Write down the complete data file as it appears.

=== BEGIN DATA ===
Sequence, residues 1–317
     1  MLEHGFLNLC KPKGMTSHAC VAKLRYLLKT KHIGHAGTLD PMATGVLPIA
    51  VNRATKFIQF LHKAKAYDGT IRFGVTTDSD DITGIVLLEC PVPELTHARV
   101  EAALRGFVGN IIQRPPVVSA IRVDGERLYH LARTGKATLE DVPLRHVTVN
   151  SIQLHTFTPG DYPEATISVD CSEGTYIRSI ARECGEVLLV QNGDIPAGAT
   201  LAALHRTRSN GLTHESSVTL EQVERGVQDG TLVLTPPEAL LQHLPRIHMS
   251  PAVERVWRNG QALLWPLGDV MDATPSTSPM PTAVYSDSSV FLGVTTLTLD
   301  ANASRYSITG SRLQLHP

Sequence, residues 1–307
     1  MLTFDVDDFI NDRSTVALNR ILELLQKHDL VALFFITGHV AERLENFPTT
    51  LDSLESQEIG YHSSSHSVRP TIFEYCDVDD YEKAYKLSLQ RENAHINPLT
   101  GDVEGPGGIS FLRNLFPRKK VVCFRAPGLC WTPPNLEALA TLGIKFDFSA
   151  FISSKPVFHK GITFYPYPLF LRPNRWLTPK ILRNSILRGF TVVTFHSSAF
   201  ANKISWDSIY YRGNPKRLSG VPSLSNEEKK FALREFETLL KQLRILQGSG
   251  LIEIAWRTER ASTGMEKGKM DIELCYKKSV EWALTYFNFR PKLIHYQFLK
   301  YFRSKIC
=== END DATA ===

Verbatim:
Sequence, residues 1–317
     1  MLEHGFLNLC KPKGMTSHAC VAKLRYLLKT KHIGHAGTLD PMATGVLPIA
    51  VNRATKFIQF LHKAKAYDGT IRFGVTTDSD DITGIVLLEC PVPELTHARV
   101  EAALRGFVGN IIQRPPVVSA IRVDGERLYH LARTGKATLE DVPLRHVTVN
   151  SIQLHTFTPG DYPEATISVD CSEGTYIRSI ARECGEVLLV QNGDIPAGAT
   201  LAALHRTRSN GLTHESSVTL EQVERGVQDG TLVLTPPEAL LQHLPRIHMS
   251  PAVERVWRNG QALLWPLGDV MDATPSTSPM PTAVYSDSSV FLGVTTLTLD
   301  ANASRYSITG SRLQLHP

Sequence, residues 1–307
     1  MLTFDVDDFI NDRSTVALNR ILELLQKHDL VALFFITGHV AERLENFPTT
    51  LDSLESQEIG YHSSSHSVRP TIFEYCDVDD YEKAYKLSLQ RENAHINPLT
   101  GDVEGPGGIS FLRNLFPRKK VVCFRAPGLC WTPPNLEALA TLGIKFDFSA
   151  FISSKPVFHK GITFYPYPLF LRPNRWLTPK ILRNSILRGF TVVTFHSSAF
   201  ANKISWDSIY YRGNPKRLSG VPSLSNEEKK FALREFETLL KQLRILQGSG
   251  LIEIAWRTER ASTGMEKGKM DIELCYKKSV EWALTYFNFR PKLIHYQFLK
   301  YFRSKIC